‘That’s enough of your nonsense,’ said Nurse Roberts. ‘What’s this vase doing on the floor? Nurse Muldoon, would you mind? And then, will you please accompany Mr Walker back to his room. Mr Dunbar needs his afternoon rest. It’s time to say goodbye and let him get a little peace and quiet.’

‘See ya round, partner,’ said John Wayne, giving Dunbar a wink.

Dunbar blinked back several times to show that he understood.

After the others had left, Nurse Roberts led the way into the bedroom with her trolley.

‘I don’t think Mr Walker is a good influence on you, personally,’ she said. ‘He just gets you agitated.’

‘Yes,’ said Dunbar humbly, ‘you’re quite right, Nurse. He’s a bit all over the place. I find him quite frightening sometimes.’

‘I’m not surprised you do, dear. To tell you the truth, I never liked The Many Faces of Peter Walker – always used to change channels. Give me Danny Kaye any day. It was a more innocent age. Or Dick Emery, oh, he used to make me laugh,’ said Nurse Roberts, plumping Dunbar’s pillows while he sat on the edge of the bed, the very picture of a dazed old man.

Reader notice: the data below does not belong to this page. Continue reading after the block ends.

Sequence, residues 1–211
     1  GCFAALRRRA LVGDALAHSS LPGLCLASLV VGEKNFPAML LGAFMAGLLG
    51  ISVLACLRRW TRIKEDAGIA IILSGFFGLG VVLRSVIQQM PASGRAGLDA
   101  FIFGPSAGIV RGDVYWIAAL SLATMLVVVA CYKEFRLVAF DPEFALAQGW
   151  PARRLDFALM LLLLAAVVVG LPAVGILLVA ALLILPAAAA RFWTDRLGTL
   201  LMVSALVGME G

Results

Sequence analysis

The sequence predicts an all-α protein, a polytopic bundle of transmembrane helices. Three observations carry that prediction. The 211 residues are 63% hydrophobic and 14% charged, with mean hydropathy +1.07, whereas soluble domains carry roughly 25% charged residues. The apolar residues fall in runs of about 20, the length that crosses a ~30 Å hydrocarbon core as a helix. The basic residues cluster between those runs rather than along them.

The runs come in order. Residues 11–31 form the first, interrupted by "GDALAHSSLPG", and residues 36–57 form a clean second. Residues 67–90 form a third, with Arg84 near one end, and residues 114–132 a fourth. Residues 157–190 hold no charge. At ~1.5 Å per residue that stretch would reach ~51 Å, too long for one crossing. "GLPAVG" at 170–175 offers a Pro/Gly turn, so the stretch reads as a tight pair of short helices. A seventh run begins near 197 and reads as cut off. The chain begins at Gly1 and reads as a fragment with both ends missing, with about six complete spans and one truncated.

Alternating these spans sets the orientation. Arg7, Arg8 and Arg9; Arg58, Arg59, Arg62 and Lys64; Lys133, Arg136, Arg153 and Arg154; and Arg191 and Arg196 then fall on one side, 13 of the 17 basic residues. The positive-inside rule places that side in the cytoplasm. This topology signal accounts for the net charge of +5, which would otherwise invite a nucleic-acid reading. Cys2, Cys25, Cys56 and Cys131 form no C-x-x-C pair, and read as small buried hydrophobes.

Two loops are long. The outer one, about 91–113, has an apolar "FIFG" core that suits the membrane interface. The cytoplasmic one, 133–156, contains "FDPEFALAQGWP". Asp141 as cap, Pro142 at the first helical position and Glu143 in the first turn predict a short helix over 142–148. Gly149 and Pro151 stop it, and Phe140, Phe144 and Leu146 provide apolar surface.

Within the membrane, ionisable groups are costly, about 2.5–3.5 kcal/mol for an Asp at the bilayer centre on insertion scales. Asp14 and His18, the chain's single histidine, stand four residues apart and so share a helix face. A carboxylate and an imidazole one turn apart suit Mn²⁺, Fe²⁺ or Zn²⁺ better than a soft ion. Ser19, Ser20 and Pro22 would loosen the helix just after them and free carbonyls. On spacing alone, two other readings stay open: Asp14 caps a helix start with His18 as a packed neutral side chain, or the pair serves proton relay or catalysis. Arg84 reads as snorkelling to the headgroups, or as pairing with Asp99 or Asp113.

‘Now it’s time for us to take our afternoon medicine,’ said Nurse Roberts. She set aside two bottles, lifting a plastic cup from the column of cups in the corner of the trolley.

‘We’ve got our nice green and brown one that makes us feel all warm and fuzzy,’ she explained in language simple enough for poor old Dunbar to understand, ‘and then we’ve got our big white one that stops us having silly ideas about our daughters not loving us, when they’re paying for us to have a lovely long holiday here at Meadowmeade, and to get the rest we deserve after being a very, very busy and very important man.’

‘I know they love me, really,’ said Dunbar, accepting the little cup. ‘I just get confused.’